Prahok makers are down-sizing their 2001 production due to a tripling in the price
of salt, one of the local fish paste delicacy's key ingredients.
Mom Sen, Chief of the Phnom Penh fisheries office, confirmed that salt prices had
increased from 200 riels per kilo in 2000 to 700 riels per kilo in 2001.
Salt merchants on Sisowath Boulevard in Phnom Penh are now selling imported Chinese
salt, which at 600 riels per kilo is marginally less expensive than the domestic
At the famous prahok production area of Kampong Loung along the Tonle Sap, about
40 kilometers north of Phnom Penh, the complaints about the salt price hike come
fast and furiously.
"I can't make much Prahok this year because salt costs are too high," said
43-year-old Nuth An of Udong District.
The impact of the salt price increase on the prahok industry was notable during the
first kneuth (waxing of the full moon) at Kampong Loung.
The kneuth invariably brings bumper yields of fish used to make prahok. During the
Kneuth this month at Kampong Loung, a huge amount of fish was caught.
However, fishermen have complained that relatively few prahok producers have showed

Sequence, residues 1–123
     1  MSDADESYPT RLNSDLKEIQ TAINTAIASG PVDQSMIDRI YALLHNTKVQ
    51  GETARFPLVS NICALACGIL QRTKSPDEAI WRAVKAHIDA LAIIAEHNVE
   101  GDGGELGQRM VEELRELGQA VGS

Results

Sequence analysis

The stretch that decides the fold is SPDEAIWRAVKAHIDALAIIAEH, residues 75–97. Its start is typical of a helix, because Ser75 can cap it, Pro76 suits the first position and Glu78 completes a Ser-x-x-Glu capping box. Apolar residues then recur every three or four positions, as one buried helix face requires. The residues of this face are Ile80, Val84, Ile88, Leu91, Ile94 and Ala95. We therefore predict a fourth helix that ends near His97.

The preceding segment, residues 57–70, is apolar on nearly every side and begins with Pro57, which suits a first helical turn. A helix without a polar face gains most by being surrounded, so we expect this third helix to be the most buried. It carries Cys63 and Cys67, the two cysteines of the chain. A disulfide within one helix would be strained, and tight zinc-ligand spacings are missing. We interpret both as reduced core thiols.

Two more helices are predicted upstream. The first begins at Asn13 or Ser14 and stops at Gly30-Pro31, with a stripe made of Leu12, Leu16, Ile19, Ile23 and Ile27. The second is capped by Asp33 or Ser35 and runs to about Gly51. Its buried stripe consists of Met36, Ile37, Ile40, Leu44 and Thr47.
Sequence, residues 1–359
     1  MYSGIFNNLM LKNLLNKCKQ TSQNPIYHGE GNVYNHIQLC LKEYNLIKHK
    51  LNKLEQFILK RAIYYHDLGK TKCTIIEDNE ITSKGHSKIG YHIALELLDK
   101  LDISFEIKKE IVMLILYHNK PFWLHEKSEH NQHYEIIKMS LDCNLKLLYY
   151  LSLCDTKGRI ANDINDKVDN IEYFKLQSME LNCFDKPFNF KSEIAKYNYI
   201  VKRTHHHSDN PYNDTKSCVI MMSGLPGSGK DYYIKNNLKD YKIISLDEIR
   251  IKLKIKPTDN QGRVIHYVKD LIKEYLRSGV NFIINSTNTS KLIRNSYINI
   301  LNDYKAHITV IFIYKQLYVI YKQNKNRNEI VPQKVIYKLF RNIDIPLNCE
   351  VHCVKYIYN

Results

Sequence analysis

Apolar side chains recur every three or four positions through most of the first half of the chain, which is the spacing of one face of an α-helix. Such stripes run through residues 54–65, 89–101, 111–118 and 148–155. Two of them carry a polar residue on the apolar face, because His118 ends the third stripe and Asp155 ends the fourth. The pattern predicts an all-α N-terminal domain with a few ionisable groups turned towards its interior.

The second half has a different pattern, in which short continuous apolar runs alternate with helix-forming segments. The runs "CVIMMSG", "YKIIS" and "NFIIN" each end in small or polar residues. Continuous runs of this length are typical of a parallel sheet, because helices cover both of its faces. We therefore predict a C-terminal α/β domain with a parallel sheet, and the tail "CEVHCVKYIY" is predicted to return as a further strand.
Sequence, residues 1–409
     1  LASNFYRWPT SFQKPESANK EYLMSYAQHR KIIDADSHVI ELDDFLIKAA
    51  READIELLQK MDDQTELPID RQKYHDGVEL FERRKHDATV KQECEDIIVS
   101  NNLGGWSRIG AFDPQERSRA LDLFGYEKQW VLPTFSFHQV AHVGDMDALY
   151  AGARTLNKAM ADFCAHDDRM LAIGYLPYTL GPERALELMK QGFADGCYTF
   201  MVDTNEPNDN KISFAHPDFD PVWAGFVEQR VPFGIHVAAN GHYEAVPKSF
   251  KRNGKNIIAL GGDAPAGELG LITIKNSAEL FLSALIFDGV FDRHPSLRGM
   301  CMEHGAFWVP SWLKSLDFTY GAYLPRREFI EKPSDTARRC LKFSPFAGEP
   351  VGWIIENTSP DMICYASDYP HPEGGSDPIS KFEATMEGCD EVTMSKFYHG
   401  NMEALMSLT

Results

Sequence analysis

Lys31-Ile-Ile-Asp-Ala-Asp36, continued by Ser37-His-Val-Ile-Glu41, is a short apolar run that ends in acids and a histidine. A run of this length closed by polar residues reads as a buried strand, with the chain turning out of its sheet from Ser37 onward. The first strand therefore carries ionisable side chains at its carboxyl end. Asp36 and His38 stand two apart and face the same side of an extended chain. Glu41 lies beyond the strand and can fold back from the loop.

up to buy the catch compared with previous years.
In Kampot, the center of Cambodia's salt production, Governor Ly Sour blamed the
price hikes on high rainfall that disrupted normal salt production levels.
Lao Meng Se, director of Pheapimix Salt Production Company in Kampot, which has a
Government monopoly on salt production in the Kingdom, agreed with Sour's assessment.
According to Se, the freakish weather of the past year had caused salt production
levels to plummet to their lowest level in 40 years, prompting Pheapimex to take
the unprecedented step of importing 10,000 tons of salt from China to make up for
Cambodia's salt production, which averages 80,000 tons a year, was expected to be
far lower in 2000-2001, Se added.
"I am very worried about salt production this year because of the weather,"
"Our company is responsible for the salt supply in this country and we worry
about the effect that higher prices might have on consumers.''